Professor giving a lecture to students in old main

Wofford professor completes book on women writers

March 16, 2004

SPARTANBURG, SC – Dr. Laura Barbas Rhoden, assistant professor of foreign languages at Wofford College, extended her post-graduate studies to compile the stories of several women writers in her newly published book “Writing Women in Central America."

“The book is a study that looks at the intersection of gender issues and history in the narratives of women,” says Barbas Rhoden, who received her master’s degree in Latin American studies and her doctorate in Spanish from Tulane University in New Orleans. Tulane’s strong Central American studies program and its “long-standing ties to Central America made it easier to do research there,” she adds.

Barbas Rhoden began the seven-year project in graduate school by conducting “cultural research through interviews with writers, community organizers and activists” in Central America. She made the decision to develop her work into a book because she “felt like the writers had many important stories to tell,” she says.

Because Central American literature is largely overlooked in North America, Barbas Rhoden says, “Writing and publishing a book would be a good way to create more dialog about the literature. If the Latin American works can’t make it into the classrooms or into the general populous, then they are really limited in their impact.”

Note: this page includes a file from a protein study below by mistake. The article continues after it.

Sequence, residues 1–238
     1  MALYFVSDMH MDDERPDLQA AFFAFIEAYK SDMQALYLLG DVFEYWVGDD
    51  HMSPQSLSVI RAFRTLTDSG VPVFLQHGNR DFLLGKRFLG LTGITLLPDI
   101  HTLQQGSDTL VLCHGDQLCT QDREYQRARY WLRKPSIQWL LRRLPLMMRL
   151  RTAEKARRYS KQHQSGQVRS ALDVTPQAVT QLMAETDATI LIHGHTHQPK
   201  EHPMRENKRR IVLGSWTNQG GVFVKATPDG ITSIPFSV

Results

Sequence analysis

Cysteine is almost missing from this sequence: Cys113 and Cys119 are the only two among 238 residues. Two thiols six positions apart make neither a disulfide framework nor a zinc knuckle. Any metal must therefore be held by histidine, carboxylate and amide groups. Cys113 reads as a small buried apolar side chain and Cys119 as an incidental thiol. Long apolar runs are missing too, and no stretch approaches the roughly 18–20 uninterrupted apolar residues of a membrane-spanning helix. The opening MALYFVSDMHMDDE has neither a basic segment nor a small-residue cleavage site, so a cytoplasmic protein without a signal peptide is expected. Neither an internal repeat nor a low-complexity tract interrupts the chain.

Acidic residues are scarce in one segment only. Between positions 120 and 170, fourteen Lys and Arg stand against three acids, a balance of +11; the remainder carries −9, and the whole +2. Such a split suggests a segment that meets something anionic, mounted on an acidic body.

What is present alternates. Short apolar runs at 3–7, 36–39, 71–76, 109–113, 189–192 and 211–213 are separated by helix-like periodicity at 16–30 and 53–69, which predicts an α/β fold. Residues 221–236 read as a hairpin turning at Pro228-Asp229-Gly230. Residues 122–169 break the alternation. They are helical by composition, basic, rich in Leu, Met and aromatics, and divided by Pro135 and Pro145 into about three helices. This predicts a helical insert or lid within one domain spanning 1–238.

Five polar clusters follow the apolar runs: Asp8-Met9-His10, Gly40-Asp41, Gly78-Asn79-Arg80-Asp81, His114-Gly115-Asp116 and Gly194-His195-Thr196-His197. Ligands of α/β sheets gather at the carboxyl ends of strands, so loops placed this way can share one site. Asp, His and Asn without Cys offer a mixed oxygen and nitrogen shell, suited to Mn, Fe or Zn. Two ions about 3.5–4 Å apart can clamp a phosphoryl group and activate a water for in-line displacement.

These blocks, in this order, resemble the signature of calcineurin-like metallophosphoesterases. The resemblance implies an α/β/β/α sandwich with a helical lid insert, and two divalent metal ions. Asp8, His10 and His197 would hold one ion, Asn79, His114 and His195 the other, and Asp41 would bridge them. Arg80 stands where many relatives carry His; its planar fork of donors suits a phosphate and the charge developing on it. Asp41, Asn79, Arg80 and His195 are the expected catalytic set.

During the project, Barbas Rhoden was deeply impacted by the people with whom she came in contact. “One of the best things was meeting authors who are not only writers but are also committed to justice and the people in their countries,” Barbas Rhoden says. “The literature is incredibly moving as well because it is so tied to that reality (of Central America).”

Not only did Barbas Rhoden study another culture, but she also learned personal life lessons. The project “taught me to be flexible and to use the informal networks and connections that are so important,” she says.

“Writing Women in Central America” was published in 2003 by Ohio University Press. It is available directly through the press, through their Web site, or through retailers such as and Barnes and Noble.

Kristin Sams '05, a junior majoring in English and French, wrote this article.

For more information on books by Wofford authors, check out Faculty and Staff Bookshelf webpage, .